The romance novel tradition begins and ends for me in the 19th century, in the midst of and towards the end of institutionalized slavery. Then it begins again in the supermarket with a pornographic admiration of the affects of 19th-century personage—and an underlying subtext of Blackness as a tool of seduction.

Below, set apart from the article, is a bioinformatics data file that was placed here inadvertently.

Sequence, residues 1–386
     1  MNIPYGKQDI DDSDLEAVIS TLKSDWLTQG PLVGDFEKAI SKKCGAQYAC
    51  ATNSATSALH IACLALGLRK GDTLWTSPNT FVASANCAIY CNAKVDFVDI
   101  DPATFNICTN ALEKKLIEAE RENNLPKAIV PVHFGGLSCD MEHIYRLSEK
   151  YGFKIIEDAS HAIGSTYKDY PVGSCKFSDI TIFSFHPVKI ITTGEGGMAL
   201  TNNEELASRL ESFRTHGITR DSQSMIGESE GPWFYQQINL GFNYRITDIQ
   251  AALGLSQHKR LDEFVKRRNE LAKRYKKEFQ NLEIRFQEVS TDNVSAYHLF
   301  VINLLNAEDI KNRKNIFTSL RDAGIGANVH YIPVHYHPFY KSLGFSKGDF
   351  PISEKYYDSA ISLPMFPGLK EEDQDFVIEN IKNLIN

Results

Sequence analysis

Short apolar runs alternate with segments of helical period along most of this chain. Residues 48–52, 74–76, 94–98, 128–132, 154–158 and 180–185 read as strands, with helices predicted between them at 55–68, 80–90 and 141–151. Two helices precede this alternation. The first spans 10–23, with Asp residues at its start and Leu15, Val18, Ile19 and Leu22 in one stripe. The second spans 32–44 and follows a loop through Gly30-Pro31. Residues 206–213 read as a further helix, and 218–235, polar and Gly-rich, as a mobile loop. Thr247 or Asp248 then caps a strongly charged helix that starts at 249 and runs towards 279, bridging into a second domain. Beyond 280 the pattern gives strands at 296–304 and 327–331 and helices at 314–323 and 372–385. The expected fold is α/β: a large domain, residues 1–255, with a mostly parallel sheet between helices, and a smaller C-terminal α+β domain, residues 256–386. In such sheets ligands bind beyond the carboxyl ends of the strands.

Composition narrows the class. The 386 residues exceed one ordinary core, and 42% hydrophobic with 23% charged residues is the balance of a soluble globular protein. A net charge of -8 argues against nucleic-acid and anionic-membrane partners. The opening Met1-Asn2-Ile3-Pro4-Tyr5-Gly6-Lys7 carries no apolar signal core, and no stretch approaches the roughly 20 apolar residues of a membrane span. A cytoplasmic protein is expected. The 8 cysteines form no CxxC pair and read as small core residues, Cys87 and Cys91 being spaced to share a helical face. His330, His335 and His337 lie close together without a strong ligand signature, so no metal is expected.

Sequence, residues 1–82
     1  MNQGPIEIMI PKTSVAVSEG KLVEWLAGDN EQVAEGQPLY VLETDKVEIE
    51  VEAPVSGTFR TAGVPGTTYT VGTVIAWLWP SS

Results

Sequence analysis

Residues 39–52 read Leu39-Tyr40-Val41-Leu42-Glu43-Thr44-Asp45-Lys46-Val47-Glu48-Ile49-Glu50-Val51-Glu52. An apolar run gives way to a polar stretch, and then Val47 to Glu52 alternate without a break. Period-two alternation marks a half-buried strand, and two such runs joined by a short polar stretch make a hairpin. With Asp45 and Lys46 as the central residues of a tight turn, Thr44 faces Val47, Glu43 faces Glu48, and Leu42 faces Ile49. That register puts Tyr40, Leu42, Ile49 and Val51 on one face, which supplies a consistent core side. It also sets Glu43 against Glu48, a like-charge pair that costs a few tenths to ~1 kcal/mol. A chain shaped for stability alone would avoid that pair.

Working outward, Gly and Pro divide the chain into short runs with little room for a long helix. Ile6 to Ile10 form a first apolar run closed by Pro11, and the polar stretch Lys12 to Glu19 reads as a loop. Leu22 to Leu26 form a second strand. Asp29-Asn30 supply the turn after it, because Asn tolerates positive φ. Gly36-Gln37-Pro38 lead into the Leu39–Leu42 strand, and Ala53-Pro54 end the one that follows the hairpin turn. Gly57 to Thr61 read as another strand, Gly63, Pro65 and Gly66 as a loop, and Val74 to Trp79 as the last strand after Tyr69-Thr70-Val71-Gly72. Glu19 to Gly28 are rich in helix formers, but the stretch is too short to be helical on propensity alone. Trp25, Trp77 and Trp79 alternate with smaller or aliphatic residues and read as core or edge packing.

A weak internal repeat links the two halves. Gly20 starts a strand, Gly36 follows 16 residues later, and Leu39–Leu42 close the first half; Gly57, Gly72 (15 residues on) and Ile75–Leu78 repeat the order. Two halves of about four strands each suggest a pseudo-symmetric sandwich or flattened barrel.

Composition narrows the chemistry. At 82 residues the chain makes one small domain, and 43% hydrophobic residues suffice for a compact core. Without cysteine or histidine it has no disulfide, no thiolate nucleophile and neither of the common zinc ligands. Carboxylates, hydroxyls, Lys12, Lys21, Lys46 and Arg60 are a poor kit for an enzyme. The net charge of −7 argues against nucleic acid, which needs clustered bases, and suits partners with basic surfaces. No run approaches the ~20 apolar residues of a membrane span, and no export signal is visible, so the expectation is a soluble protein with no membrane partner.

She had always yearned to create a new identity for herself as the wife of a white man . . . Why this yearning to return to a place that had harbored . . . the humiliation of being an octoroon in a white-dominated world?
—Barbara Johnson, The Heirs of Love
Historical Romances are the byproduct of self-hatred, internalized sexism, and a remarkable kind of racism, the kind that makes one comfortable enough with it to become lustful for it.